French Week August 6 - 12, 2010
At a glance
The return of the Prince
Road deaths down
The President of France has been on a state visit to Andorra as its co-Prince
Beware the cow
Saint-Gervais under water
PHOTOS TOURISME ANDORRA
There have been two cases of cows attacking hikers in the Eastern Pyrénées this week. A 37-year-old woman was seriously injured and trampled. Her husband found her unconscious. In a separate incident, a man was flown to hospital with a fractured skull in Perpignan. Police explained that when cows are with their calves they can be aggressive and should be avoided.
ast year he was all set to abdicate. This year he is “proud” to be the historic joint ruler, with the Bishop of Urgell, of this tiny mountain-top principality tucked away in the Pyrénées between the Ariège and Spain. The cause of his threatened departure from the throne was the apparent ambition of the Andorrans to become a dodgy tax haven on France’s doorstep.
A vast pocket of water of 65,000m3 has built up under the Tête Rousse glacier above Saint-Gervais in the HauteSavoie near Mont Blanc. The maire and the préfet spoke to the assembled 3,000 residents and warned them of the hazard. The surprise build-up of water was found accidentally by researchers from France’s centre of scientific research, the CNRS. Pumping is to start in two weeks time to remove the danger. In 1892, a similar build-up burst and flooded down the mountain, killing 200 people.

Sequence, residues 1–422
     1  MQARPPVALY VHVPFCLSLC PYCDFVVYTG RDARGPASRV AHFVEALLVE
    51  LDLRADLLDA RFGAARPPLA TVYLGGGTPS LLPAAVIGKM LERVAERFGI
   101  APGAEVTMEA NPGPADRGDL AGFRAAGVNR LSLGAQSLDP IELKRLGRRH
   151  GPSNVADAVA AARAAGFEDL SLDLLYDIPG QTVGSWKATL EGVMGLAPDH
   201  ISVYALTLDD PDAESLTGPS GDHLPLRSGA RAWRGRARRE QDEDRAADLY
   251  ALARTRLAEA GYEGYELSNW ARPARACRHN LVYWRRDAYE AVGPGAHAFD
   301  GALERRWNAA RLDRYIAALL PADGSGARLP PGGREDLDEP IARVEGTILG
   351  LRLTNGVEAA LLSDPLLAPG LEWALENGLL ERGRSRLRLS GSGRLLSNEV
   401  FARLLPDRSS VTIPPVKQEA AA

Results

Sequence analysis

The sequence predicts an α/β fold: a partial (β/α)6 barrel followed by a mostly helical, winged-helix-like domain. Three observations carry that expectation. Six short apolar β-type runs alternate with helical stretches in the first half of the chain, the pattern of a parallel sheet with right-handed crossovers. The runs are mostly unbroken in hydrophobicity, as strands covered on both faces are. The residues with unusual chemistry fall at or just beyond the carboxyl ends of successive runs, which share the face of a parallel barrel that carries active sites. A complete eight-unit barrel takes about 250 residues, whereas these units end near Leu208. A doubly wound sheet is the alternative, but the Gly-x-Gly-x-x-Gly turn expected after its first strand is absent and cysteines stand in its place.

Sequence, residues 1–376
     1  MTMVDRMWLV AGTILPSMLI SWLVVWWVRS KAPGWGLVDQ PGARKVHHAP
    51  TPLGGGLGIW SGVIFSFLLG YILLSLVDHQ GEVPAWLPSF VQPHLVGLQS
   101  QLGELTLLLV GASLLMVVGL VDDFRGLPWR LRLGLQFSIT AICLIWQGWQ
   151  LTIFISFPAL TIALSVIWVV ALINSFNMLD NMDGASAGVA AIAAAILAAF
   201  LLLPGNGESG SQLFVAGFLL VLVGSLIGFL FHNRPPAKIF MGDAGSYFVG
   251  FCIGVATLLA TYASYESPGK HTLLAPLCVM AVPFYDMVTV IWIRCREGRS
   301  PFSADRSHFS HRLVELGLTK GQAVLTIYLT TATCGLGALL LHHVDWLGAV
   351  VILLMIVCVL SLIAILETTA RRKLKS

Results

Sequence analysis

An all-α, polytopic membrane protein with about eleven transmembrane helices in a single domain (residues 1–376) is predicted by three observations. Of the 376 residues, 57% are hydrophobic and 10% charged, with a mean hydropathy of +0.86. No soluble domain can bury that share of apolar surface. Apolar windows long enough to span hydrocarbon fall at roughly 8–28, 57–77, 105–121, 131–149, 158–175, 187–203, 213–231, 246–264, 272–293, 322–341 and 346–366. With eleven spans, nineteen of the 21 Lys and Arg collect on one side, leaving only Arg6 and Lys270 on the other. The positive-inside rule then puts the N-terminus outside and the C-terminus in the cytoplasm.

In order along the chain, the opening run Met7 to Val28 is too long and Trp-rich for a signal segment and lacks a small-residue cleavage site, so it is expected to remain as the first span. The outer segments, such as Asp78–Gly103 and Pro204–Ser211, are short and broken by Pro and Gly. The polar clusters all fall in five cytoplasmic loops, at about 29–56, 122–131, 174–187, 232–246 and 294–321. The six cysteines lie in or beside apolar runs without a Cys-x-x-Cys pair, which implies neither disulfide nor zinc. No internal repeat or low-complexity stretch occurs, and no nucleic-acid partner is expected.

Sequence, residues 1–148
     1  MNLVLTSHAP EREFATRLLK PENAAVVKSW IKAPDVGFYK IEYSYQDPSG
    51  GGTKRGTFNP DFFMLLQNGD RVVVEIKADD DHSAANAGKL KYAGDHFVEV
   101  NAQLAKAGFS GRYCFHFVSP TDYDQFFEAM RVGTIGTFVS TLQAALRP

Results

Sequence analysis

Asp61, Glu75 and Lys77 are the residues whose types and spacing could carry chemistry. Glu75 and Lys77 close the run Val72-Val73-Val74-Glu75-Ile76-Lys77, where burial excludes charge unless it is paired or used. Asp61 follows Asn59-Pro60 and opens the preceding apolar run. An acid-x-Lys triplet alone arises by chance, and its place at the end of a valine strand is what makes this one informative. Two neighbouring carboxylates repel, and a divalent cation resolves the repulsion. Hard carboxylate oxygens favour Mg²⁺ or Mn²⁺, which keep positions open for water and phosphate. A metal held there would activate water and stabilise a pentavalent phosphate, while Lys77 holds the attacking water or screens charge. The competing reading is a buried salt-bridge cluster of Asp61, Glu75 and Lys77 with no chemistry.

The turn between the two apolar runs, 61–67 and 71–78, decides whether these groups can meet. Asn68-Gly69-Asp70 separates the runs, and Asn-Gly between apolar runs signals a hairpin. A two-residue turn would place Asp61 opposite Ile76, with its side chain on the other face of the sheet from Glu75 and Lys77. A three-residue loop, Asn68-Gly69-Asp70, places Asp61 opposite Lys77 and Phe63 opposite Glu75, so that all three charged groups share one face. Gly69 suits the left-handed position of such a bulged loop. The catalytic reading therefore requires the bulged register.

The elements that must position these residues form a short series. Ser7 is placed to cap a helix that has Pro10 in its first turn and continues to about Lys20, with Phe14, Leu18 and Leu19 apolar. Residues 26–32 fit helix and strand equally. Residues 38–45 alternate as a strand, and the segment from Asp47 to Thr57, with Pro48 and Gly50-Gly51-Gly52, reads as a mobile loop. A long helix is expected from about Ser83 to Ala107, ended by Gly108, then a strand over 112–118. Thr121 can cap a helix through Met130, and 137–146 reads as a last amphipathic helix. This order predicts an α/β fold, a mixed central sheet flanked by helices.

The old quarters of Andorra
Sacked due to late trains
A 24-year-old lawyer’s assistant has lost her job because the trains were late. Soazig Parassols was in her second trial period of a month and had to be in the office by nine without fail because she was the avocat’s only secretary. But the trains from her home to Lyon were often late and therefore so was she. She tried catching an earlier train which meant she was usually in the office 50 minutes early. But another arrival an hour and ten minutes late was too much for her employer who fired her. She is now going to sue the SNCF for breach of contract. The Fédération nationale des associations d’usagers de transport is to give evidence on her behalf.
Sex improves circulation
Short of a good scandal nothing sells newspapers like sex. Still it comes as some surprise to find the once worthy and dignified ‘Le Figaro’, bastion of right-wing values, putting a series of pictures of various animals and insects, from our cousins the Bonobo to lions and butterflies, all in the act of procreation. The paper informs us that summer opens “des parades amoureuses”… and relishes the opportunity “to lift the veil on the intimate nature of savage love”.